Nadal looming larger than ever

A wistful Roger Federer has to wait longer to match Pete Sampras' Grand Slam record. Lucas Dawson/Getty Images

MELBOURNE, Australia -- Three years ago, they were tears of joy. Roger Federer cried openly when Rod Laver presented him with the Australian Open trophy in 2006, leaving everyone watching in no doubt that his seventh Slam meant almost as much to him as his first.

Standing in the very same spot Sunday evening, Federer wept again for reasons that were very different -- yet the same. Neither time, nor success -- nor failure, in fact -- have dimmed the importance of the sport for Federer.

"I love this game. It means the world to me, so it hurts when you lose," he said after his 7-5, 3-6, 7-6 (3), 3-6, 6-2 defeat to Rafael Nadal in the Australian Open final. A win would have tied him with Pete Sampras for a record 14 Grand Slams.

Dramatic as the first four sets had been, and as surprising as the sudden end in the fifth set had been, the most emotional moment came after the match was over. Federer stepped up to the mike to make the runner-up speech, beginning gamely with, "Well, it's great for the sport."

Then he stopped and gulped, trying to fight back his disappointment. "Maybe I'll try later again," he said, finally. "God, it's killing me."

Even Nadal, in his moment of victory, was visibly moved. After receiving the trophy from Laver, the Spaniard stepped back to give his vanquished friend a hug.

Federer had to smile. "I don't want to have the last word, this guy deserves it," he told the crowd, picking up where he had left off. "So Rafa, congratulations. You played incredible, another fantastic final. You deserve it, man."

Nadal began his speech with a few comforting words. "First of all, Rog, sorry for today," he said. "I really know how you feel right now. It's really tough, but you are a great champion."

Though his face was still pale and withdrawn, Federer had composed himself by the time he spoke to reporters less than an hour after the match.

"In the first moment you're disappointed, you're shocked, you're sad, you know, then all of a sudden it overwhelms you," he explained. "The problem is you can't go in the locker room and just take it easy and take a cold shower. You can't. You're stuck out there. It's the worst feeling."

Federer's tears had touched even those sitting in Nadal's box. "I cried, too," said Nadal's coach and uncle, Toni Nadal, who broke down again when Spanish reporters later asked him about the moment.

He was standing in the underground corridors of the stadium, his nephew's replica trophy beside him and questions flooding in from a multilingual press corps. Many of the questions were about Federer.

"The greatest of all is Rod Laver, after that the best is Federer," Toni Nadal told French reporters. "Federer is better than Rafa, better than any player. Rafa is a good player, winning this trophy and five other [Slams]. But there is still a big gap."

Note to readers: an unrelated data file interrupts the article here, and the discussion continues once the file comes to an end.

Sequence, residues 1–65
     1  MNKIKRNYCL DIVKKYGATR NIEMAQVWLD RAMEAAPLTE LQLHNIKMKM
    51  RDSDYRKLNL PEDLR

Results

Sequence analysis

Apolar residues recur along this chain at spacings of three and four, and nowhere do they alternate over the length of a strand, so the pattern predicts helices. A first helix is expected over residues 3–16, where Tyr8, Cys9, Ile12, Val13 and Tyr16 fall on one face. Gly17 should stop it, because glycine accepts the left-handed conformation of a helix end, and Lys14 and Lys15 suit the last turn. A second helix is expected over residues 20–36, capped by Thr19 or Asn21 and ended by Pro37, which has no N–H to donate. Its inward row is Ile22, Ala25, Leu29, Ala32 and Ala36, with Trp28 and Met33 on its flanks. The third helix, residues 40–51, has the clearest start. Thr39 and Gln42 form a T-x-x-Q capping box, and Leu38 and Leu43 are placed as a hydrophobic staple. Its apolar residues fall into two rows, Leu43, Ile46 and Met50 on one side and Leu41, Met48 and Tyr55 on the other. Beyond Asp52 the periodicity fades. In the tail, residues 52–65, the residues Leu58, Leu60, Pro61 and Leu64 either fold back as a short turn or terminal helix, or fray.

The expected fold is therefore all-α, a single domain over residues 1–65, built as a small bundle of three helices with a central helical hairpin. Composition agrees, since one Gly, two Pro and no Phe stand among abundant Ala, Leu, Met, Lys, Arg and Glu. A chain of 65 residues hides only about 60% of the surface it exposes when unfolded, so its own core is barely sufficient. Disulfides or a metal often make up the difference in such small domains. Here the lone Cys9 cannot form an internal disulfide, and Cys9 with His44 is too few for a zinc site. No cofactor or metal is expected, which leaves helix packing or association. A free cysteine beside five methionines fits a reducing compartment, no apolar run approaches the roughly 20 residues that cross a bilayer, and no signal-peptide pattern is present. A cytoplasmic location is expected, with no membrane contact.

As records go, that remains true -- 22-year-old Nadal now has six Slams, seven fewer than the 27-year-old Federer. On the court, however, any gap would appear to be firmly in Nadal's favor, with the Spaniard now having won their past six meetings.

Federer had his opportunities in Sunday's final, their first Grand Slam meeting on hard courts. He converted just six of 19 break points -- an 0-6 effort on break chances in the third set proving particularly costly. The Swiss also struggled on serve, managing to get in 52 percent of his first deliveries.

But it was Federer's sudden collapse in the fifth set that was most puzzling. Serving up 30-0 at 1-2, he produced four unforced errors to gift Nadal the break and struggled continually with his backhand for the rest of the match.

Toni Nadal, who had thought things would be "difficult" for his nephew after losing the fourth set, was as mystified as anyone.

"I am surprised that Federer in the fifth played not very good," he told ESPN.com. "I don't know what happened, maybe his concentration or the possibility to have 14 Grand Slams, I don't know. I am sorry for Roger."

Federer was in no mood to discuss details afterwards. "I definitely played a terrible fifth set, you know. I kind of handed it over to him."

His chase for the Grand Slam record will have to pause for at least a few months, and Nadal now looms as a larger obstacle than ever.

"I hope to get more chances to play him on hard courts," said Federer of Nadal in his French postmatch interview. "He has had a lot of chances to play me on clay and that's helped him on other surfaces and that's helped his confidence going into Wimbledon. But he has progressed a lot on hard courts. We saw that at the Olympics. That's why I was mad he wasn't the favorite [here]."

Federer, who initially stuttered and then bounced back to win the U.S. Open after losing last year's classic Wimbledon final to Nadal, feels he can rebound yet again.

He isn't even ruling out a possible challenge at the French Open, where he has lost in the final to Nadal the past three years -- including a 6-1, 6-3, 6-0 drubbing in 2008.

"I'll keep on trying," he said. "I'm happy I feel good again after all the problems I had last year. I feel that even after last year at Roland Garros I can have my chances on clay."

With such a solid record even in the past 12 months, Federer can indeed be confident that he will have more chances. The bigger question is how many he'll now be able to take, particularly when Nadal is standing on the other side of the net.

Kamakshi Tandon is a freelance tennis writer for ESPN.com.